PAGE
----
Back-when, there was a TV preview-trailer for the science-fiction movie The Blob (the original, not the 1980s remake) that scared the living [fill in blank] out of me. “The monster that can’t be killed,” screamed the icy voice-over. The Blob was this formless, massive organism that basically absorbed anything living that it touched, growing ever larger in the process. Around the same time (we're talking late 1950s), the scary monsters of free jazz and rock & roll were threatening the world, and to a similar degree they were looked upon as aberrations and threats to everything good and decent. Some citizens of the world were flipping their wigs [in the good way] over Elvis Presley, Little Richard, and Ornette Coleman, whilst others pointed to them as harbingers of the end of Western Civilization Like the Blob, these musical demons expanded, contaminating many and disgusting others—some critics and record companies tried to “contain” the monsters, and while they’d “hurt” them a little they couldn’t “stop” them.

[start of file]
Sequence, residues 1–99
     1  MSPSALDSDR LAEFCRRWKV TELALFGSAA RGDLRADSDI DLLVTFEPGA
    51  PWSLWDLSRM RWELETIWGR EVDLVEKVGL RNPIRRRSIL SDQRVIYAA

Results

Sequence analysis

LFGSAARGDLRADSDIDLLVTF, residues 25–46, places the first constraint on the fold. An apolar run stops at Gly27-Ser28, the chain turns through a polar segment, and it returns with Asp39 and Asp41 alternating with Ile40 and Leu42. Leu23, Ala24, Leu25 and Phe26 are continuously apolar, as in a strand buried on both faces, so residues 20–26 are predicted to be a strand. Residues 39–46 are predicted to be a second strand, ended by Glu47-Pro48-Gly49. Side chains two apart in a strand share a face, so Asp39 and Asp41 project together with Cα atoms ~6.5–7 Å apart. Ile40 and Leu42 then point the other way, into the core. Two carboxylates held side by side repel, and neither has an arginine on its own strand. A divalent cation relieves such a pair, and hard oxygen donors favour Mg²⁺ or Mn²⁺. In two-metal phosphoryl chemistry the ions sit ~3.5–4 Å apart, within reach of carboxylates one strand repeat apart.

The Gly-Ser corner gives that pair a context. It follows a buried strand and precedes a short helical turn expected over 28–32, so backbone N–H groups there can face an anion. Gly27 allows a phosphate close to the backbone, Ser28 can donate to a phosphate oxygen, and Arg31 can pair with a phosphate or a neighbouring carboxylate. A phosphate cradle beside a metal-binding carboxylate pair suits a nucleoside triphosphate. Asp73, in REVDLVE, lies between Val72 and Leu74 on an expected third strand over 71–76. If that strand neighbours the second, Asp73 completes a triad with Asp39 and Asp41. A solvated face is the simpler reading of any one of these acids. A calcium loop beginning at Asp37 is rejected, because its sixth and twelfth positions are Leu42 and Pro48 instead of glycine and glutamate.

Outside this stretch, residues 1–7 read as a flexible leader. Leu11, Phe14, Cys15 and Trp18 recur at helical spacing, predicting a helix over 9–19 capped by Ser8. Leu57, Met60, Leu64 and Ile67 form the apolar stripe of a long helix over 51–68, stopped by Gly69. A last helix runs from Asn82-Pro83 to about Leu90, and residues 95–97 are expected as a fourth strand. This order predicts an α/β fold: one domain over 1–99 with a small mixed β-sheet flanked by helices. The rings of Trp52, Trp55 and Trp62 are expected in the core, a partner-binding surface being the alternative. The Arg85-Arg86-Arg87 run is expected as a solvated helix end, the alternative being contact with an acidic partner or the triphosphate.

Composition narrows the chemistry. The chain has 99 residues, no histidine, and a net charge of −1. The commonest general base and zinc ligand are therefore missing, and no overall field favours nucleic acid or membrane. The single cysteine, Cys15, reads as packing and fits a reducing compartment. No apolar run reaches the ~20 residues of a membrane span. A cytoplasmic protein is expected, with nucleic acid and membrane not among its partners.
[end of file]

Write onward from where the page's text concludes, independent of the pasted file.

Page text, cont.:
Bringing us, dear Reader, to BLOB, a band/collective of eclectic and seemingly disparate types that combine and commingle aspects of free jazz, rock, funk, free improvisation, sampling (of outdoor and “swamp” ambient sounds), and post-John Cage classical composition. “Form” in the traditional sense has been supplanted by group interaction and extended techniques (pushing instruments beyond their generally perceived capabilities). Which is not to suggest that rhythm, grooves, and a solid beat are abandoned—they are suggested, established, then ebb in and out like the tides. It often sounds like (and more importantly, feels like) BLOB as a band is sonically recreating wetlands at night, complete with the mystery, beauty, and flat-out creepiness.
John Lindberg bows and slaps and plugs in his acoustic bass into some electronics to incite it to spew gnarly, grungy-sound electronic effects. Ralph Carney, bless him, draws all manner of growls, wails, and shouts out of his battery of wind instruments. Ted Orr follows in the footsteps of six-stringers such as John McLaughlin (at his most extreme moments), Sonny Sharrock, and Raoul Björkenheim. Drummer Harvey Sorgen sizzles, crackles, spatters, and splatters. If you seek the head/solos/head format or music that follows “conventional” logic, you’re liable to be disappointed with Earphonious Swamphony. If you can imagine outtakes of Bitches Brew with Roscoe Mitchell in Miles Davis’ place or if Bernard Herrmann collaborated with Bill Laswell’s Material for the soundtrack of Cape Fear 2: When Frogs Attack, then this BLOB is ready for you and vice versa.